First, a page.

Preoperative care

The patients’ skin should be prepared preoperatively for at least 1 month with vitamin A and vitamin C cream applied topically twice daily to maximize dermal collagen formation.

The necessity for using vitamins A and C for percutaneous collagen induction has been well described by Aust [9], [12]. Vitamin A, a retinoic acid, is an essential vitamin (actually a hormone) for skin. It expresses its influence on 400 to 1000 genes that control proliferation and differentiation of all the major cells in the epidermis and dermis [13], [14], [15], [16].

Retinyl esters are the main form of vitamin A in the skin and for these reasons, we have elected to apply vitamin A in its ester forms (retinyl palmitate and retinyl acetate), with little use of retinal or retinoic acid directly.

In recent years we learned that transforming growth factor (TGF)-β plays an enormous role in the first 48 hours of scar formation. Whereas TGF-β1 and TGF-β2 promote scar collagen, TGF-β3 seems to promote regeneration and scarless wound healing with a normal collagen lattice [17], [18]. Vitamin A may control the release of TGF-β3 in preference to TGF-β1 and TGF-β2 because, in general, retinoic acid seems to favour the development of a regenerative lattice-patterned collagen network rather than the parallel deposition of scar collagen found with cicatrization.

Vitamin C is also essential for the production of normal collagen [13], [14], [15], [16]. Percutaneous collagen induction and vitamin A switch on the fibroblasts to produce collagen and therefore increases the need for vitamin C.

Post-operative care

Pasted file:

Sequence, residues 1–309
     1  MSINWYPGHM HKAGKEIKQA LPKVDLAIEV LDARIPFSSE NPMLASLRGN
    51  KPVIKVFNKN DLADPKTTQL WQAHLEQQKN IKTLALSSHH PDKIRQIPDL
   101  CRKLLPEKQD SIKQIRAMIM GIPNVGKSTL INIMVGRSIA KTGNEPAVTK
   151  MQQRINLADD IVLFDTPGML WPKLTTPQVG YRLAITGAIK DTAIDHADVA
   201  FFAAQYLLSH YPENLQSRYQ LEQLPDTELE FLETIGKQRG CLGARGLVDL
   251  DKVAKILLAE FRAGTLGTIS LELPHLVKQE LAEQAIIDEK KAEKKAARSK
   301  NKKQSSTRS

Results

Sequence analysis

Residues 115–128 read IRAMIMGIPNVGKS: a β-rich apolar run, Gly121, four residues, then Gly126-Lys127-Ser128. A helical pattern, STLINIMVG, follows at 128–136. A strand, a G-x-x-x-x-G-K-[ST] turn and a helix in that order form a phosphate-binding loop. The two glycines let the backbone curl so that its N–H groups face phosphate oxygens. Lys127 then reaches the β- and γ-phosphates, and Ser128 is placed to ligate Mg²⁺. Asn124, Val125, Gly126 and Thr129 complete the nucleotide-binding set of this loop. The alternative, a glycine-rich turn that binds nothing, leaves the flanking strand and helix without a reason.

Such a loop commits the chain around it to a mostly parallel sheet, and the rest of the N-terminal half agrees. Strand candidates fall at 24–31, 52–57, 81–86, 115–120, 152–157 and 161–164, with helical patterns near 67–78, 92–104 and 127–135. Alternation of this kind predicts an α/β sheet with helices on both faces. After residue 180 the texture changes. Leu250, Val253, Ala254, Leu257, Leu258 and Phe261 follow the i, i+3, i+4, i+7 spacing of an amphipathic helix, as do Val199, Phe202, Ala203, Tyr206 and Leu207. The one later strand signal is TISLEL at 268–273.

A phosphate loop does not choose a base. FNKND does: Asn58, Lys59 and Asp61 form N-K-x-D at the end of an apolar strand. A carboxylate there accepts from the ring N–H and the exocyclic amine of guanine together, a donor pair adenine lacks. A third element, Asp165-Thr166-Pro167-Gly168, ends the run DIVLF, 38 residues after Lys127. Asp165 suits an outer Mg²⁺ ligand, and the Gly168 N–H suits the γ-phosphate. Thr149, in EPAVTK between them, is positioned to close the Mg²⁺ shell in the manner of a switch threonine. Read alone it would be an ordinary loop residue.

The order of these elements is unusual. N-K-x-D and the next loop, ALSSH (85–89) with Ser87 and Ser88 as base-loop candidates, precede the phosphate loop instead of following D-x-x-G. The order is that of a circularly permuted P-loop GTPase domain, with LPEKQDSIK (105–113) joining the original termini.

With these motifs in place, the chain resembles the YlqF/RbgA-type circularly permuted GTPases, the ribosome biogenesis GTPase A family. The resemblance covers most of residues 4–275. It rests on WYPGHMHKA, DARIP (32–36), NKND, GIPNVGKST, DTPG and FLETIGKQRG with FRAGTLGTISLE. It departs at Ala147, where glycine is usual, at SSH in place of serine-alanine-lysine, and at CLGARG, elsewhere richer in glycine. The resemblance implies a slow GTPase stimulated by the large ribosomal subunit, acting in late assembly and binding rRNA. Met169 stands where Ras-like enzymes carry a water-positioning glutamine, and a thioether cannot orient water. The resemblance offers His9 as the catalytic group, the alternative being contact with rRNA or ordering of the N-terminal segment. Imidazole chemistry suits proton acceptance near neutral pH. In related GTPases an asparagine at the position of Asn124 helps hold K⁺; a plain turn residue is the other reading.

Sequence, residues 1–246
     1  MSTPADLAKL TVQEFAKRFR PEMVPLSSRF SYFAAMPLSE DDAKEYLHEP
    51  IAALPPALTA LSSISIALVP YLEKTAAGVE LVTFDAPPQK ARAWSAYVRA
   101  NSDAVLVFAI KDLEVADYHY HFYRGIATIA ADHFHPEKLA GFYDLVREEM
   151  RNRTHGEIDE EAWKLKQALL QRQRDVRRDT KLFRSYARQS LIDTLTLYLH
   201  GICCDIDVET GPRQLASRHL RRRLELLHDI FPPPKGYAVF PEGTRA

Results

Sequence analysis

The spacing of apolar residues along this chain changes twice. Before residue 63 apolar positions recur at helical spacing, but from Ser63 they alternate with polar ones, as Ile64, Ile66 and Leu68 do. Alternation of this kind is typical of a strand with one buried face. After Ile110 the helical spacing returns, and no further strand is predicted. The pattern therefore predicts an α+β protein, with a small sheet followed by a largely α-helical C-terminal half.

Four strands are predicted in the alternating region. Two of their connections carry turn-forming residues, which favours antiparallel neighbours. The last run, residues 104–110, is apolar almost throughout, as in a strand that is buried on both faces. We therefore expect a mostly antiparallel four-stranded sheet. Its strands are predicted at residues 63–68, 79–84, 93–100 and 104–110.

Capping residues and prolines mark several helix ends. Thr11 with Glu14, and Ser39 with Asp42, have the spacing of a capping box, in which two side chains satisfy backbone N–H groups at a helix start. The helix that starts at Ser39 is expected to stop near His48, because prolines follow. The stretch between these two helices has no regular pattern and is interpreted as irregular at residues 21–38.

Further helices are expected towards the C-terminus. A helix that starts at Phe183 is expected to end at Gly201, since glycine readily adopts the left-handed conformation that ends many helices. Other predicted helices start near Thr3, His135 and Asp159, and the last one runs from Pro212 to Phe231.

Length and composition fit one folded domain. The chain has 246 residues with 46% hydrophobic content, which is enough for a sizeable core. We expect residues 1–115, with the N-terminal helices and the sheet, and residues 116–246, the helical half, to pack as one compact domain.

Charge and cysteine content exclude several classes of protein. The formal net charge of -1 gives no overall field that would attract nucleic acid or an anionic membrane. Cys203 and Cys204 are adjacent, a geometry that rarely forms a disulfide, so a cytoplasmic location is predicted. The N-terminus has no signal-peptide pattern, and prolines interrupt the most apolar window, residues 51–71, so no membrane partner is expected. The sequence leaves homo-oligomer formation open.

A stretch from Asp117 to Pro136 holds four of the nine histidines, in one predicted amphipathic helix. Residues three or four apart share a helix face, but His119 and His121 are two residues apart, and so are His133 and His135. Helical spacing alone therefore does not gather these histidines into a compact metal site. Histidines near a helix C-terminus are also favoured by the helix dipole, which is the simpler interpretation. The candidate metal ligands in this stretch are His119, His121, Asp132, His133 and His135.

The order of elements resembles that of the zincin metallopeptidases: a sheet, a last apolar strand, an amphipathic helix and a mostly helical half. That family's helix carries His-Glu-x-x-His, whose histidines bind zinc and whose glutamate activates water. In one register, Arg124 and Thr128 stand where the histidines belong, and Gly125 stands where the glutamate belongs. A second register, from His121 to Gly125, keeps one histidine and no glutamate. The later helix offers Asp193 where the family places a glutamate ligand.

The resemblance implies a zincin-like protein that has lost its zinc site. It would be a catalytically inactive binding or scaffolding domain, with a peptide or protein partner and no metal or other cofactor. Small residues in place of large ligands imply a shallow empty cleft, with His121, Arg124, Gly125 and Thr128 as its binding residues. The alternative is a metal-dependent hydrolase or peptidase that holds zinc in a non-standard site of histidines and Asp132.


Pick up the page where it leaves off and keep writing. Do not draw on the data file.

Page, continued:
The patients have no open wound and consequently require only a short healing phase. Immediately after medical needling, the area is swollen and superficially bruised (Figure 3 [Fig. 3]). After the initial bleeding stops within a few minutes, there is a serous ooze, which stops within the first few hours after the operation. To absorb the bleeding and serous ooze, the treated area should be covered with cool, damp swabs that are periodically replaced for the first 2 hours after the operation. The skin is finally washed with a tea tree oil-based cleanser and the vitamin A and C regimen immediately starts again. Patients usually do not require post-operative analgesia if the procedure has been performed under local anaesthesia. When the procedure has been performed under general anaesthesia without any local/topical anaesthetic, the patient may complain of burning for the first hour post-operatively, so it is wise to administer an analgesic at the end. The edema can be quite significant when needling has been performed but starts resolving from the second day post-operatively, and by the fourth or fifth day there is usually only mild erythema remaining. Patients are usually able to return to normal daily life by the seventh day. Discolouration disappears usually within five days.